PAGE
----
An in vitro evaluation of the pressure generated during programmed intermittent epidural bolus injection at varying infusion delivery speeds

Thomas T. Klumpner, Elizabeth M.S. Lange*, Heena S. Ahmed, Paul C. Fitzgerald, Cynthia A. Wong, Paloma Toledo

*Corresponding author for this work

Research output: Contribution to journalArticlepeer-review

23 Scopus citations


Study objective Programmed intermittent bolus injection of epidural anesthetic solution results in decreased anesthetic consumption and better patient satisfaction compared with continuous infusion, presumably by better spread of the anesthetic solution in the epidural space. It is not known whether the delivery speed of the bolus injection influences analgesia outcomes. The objective of this in vitro study was to determine the pressure generated by a programmed intermittent bolus pump at 4 infusion delivery speeds through open-ended, single-orifice and closed-end, multiorifice epidural catheters. Design In vitro observational study. Setting Not applicable. Patients Not applicable. Interventions A CADD-Solis Pain Management System v3.0 with Programmed Intermittent Bolus Model 2110 was connected via a 3-way adapter to an epidural catheter and a digital pressure transducer. Pressures generated by delivery speeds of 100, 175, 300, and 400 mL/h of saline solution were tested with 4 epidural catheters (2 single orifice and 2 multiorifice). These runs were replicated on 5 pumps. Analysis of variance was used to compare the mean peak pressures of each delivery speed within each catheter group (single orifice and multiorifice). Main results Thirty runs at each delivery speed were performed with each type of catheter for a total of 240 experimental runs. Peak pressure increased with increasing delivery speeds in both catheter groups (P < .001). Peak pressures were higher with the multiorifice catheter compared with the single-orifice catheter at all delivery speeds (P < .001, for all). Conclusion Using a pump designed for programmed intermittent infusion boluses, the delivery speed of saline solution through epidural catheters was directly related to the peak pressures. Future work should evaluate whether differences in the delivery speed of anesthetic solution into the epidural space correlate with differences in the duration and quality of analgesia during programmed intermittent epidural bolus delivery.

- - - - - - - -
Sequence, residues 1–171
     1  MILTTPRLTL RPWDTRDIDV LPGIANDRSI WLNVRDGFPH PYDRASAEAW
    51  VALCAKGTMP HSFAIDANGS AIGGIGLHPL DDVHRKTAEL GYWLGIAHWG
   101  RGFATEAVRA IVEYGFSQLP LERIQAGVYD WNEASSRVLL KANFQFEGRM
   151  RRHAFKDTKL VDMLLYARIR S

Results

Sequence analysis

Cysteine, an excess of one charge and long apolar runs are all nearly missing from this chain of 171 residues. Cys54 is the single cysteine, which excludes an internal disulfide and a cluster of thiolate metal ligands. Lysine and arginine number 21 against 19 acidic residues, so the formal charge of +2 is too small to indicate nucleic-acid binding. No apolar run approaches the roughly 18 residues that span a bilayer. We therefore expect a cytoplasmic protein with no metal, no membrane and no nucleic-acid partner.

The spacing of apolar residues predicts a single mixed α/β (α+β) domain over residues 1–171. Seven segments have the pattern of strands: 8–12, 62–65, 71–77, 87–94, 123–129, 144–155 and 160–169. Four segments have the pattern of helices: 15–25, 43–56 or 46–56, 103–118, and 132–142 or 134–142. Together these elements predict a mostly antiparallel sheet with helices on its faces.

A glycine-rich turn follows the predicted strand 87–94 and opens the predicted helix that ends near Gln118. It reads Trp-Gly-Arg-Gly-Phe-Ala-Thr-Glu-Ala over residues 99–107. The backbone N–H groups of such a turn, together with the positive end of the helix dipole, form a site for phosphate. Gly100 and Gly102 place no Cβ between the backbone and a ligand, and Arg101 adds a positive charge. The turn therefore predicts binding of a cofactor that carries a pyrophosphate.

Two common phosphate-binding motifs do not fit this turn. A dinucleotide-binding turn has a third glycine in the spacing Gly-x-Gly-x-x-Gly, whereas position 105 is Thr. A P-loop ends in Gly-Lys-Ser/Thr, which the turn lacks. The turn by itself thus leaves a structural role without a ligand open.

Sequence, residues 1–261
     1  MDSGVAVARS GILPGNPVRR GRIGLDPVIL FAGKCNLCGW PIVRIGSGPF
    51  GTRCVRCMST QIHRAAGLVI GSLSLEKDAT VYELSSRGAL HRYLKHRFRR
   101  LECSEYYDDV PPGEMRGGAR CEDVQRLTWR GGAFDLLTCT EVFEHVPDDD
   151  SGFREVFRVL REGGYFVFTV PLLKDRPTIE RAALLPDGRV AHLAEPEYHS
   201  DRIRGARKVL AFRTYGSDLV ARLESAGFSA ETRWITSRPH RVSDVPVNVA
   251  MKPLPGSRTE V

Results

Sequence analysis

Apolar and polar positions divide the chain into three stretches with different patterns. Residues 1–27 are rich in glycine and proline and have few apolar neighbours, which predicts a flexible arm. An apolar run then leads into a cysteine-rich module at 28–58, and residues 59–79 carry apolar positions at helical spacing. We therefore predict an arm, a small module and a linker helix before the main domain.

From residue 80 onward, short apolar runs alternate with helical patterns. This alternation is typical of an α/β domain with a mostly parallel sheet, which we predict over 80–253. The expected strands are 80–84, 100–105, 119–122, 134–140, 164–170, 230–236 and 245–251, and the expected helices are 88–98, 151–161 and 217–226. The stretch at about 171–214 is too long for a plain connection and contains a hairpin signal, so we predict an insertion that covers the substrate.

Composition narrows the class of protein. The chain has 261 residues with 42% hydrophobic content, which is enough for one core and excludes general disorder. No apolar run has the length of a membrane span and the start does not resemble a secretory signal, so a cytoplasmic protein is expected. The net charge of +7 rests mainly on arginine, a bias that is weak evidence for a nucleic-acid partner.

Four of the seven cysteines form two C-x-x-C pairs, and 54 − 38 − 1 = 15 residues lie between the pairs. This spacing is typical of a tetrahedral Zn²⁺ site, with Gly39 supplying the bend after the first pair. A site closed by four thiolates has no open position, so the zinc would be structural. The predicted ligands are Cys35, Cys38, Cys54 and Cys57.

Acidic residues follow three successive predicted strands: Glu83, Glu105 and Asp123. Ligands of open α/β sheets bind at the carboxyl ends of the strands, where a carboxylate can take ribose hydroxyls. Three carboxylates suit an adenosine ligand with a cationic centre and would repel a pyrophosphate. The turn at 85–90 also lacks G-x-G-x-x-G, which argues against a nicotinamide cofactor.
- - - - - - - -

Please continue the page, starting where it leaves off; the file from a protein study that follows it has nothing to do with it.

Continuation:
Original languageEnglish (US)
Pages (from-to)632-637
Number of pages6
JournalJournal of Clinical Anesthesia
StatePublished - Nov 1 2016


  • Epidural infusion pumps
  • Pressure
  • Programmed intermittent epidural bolus

ASJC Scopus subject areas

  • Anesthesiology and Pain Medicine

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